- This event has passed.
Dec 3, 2010 - Dec 10, 2010
By Conor McPherson
DATES Dec. 3-12, 2010
TIMES Wed-Sat at 7:30 p.m., Sun at 3 p.m.
Tony Award and Olivier (London) Award Nominee – Best Play.
“A timeless classic.” – Hollywood Reporter
In the grand tradition of Irish storytelling, comes this Christmas fable about the sea, Ireland, and the power of myth. It’s Christmas Eve in Dublin. In the rundown house where Sharky cares for his blind brother, old acquaintances gather for a card game – joined by an ominous stranger. As the booze flows and the game intensifies, Sharky discovers that he may be playing for his very soul. In this eerie, haunting tale, celebrated Irish playwright Conor McPherson examines how we face the demons of our past, and struggle for redemption.
James “Sharkey” Harkin - Tom Geraty
Mr. Lockhart - Joe Smith
Richard Harkin - Ron Borstad
Nicky Giblin - Scott Siepker
Ivan Curry - Shawn Wilson
Director: Brad Dell
Scenic Designer: Jay Jagim
Lighting Designer: Ron Gilbert
Sound Designer: Josh Jepson
Costume Designer: Emily Ganfield
Hair/Wig Designer: Cindy Hummel
Dramaturge: Nancy Evans
SATAN, BOOZE ARE DEMONS IN WELL-ACTED ‘SEAFARER’
By Michael Morian, The Des Moines Register
A decade after the singer Joan Osborne wondered “What if God was one of us?” in her 1995 radio hit, the Irish playwright Conor McPherson twisted the question around: What if the Devil was one of us? Just a slob like one of us?
And what if he wore a trench coat? And drank too much? And showed up in a little Irish town on Christmas Eve to play a round of poker?
Well, wonder no more. Satan does just that in McPherson’s award-winning play “The Seafarer,” which StageWest and director Brad Dell present with gusto and occasional gravity through Sunday at the Civic Center’s Stoner Theater.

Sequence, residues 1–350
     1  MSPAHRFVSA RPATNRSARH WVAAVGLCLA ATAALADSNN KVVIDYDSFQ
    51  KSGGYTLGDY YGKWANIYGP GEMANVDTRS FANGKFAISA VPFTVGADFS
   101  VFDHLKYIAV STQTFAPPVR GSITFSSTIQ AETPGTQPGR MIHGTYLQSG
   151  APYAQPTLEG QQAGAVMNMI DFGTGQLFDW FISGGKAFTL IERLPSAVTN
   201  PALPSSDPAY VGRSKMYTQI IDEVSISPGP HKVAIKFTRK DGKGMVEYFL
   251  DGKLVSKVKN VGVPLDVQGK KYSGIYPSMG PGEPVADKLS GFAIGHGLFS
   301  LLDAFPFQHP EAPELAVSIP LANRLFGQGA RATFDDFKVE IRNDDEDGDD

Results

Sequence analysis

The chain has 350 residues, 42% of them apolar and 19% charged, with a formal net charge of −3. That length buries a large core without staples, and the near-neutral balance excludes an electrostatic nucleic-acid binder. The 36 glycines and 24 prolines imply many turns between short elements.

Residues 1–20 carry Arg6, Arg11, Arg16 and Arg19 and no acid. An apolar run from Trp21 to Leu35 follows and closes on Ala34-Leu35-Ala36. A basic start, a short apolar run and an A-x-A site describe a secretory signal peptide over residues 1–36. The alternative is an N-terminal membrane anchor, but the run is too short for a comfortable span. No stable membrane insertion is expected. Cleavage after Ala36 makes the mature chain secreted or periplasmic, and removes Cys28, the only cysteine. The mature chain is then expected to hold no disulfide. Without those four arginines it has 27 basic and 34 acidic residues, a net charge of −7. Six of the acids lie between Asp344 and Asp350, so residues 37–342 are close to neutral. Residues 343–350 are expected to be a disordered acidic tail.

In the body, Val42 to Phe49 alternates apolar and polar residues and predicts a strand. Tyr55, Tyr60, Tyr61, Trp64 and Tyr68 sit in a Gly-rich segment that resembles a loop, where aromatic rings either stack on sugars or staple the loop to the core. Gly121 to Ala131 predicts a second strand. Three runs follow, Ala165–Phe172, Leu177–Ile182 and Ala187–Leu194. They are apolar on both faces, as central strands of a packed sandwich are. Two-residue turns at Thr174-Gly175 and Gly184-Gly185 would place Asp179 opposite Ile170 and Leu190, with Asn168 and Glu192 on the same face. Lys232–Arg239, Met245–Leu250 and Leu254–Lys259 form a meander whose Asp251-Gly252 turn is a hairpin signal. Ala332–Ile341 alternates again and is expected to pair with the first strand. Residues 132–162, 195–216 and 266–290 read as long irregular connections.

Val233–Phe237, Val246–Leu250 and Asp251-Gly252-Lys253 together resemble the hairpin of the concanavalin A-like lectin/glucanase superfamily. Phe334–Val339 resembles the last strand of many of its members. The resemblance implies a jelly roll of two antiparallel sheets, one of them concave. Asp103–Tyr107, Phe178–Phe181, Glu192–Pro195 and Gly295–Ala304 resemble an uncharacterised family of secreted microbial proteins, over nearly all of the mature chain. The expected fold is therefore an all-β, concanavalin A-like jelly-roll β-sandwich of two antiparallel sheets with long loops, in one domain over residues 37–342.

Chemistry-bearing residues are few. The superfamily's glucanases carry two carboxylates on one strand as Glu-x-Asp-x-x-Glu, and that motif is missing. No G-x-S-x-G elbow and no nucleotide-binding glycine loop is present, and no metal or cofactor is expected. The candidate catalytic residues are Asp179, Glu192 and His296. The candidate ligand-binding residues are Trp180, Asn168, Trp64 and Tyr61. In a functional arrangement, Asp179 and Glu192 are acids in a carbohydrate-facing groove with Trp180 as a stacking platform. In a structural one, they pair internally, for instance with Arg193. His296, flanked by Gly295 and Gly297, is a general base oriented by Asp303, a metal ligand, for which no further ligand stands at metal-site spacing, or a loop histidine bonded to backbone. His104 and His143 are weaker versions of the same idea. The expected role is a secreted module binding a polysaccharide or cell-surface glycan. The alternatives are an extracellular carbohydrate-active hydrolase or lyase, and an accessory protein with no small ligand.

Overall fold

In the “fable about a struggle for redemption,” as the playwright describes it, four alcoholics stumble into the story one by one: Sharky Harkin (Tom Gerarty), who swore off booze for the holiday; his crotchety brother Richard (Ron Borstad), who lost his sight a few months back; their oafish friend Ivan (Shawn Wilson); and a big-talking goofball named Nicky (Scott Siepker), who is dating Sharky’s ex. They gather in the home the Harkin brothers share (essentially a man cave, decked out for the holidays by scenic designer Jay Jagim), pour themselves a few drinks and settle in for a long winter’s night away from their wives and girlfriends.
“In the absence of women, men are able to revert to this infantile thing that liberates them from responsibility,” the playwright told the Chicago Tribune. “If a woman walked onto the set of ‘Seafarer,’ the play would be over.”
So instead, the Devil shows up, in the affable form of Mr. Lockhart (Joe Smith), a stranger Nicky invited in off the street. Soon enough, it becomes clear that Mr. Lockhart lost a poker game to Sharky years ago and has come to settle the score. (Cue the supernatural red lights and throbbing bass notes, designed by Ron Gilbert and Joshua Jepson, respectively).
The play’s title comes from an 8th-century epic poem by the same name, about a hero like Sharky, who has to face either his demons or eternal damnation, and Gerarty gives the new struggle the weight it deserves. He and Smith stare each other down from opposite sides of the poker table, locked in a silent duel even as the other characters trade boozy jokes.
But sometimes those jokes hijack the story, especially in the slower first act. The playwright, a recovered alcoholic himself, makes it clear that Mr. Lockhart isn’t the only demon on stage, and although the supporting characters’ whiskey-fueled antics are occasionally funny – Borstad is especially good – the actors rely too often on yelling to show they’re drunk. It slows down the action and makes the show seem out of joint, as if the dudes from “The Hangover” kept stumbling into “A Christmas Carol.”
Still, there are worse ways to celebrate the holidays than with a thoughtful play like this one. Despite its darker themes, “The Seafarer” brings good tidings of its own for Christmas and a happy new year with a cup – or more – of good cheer.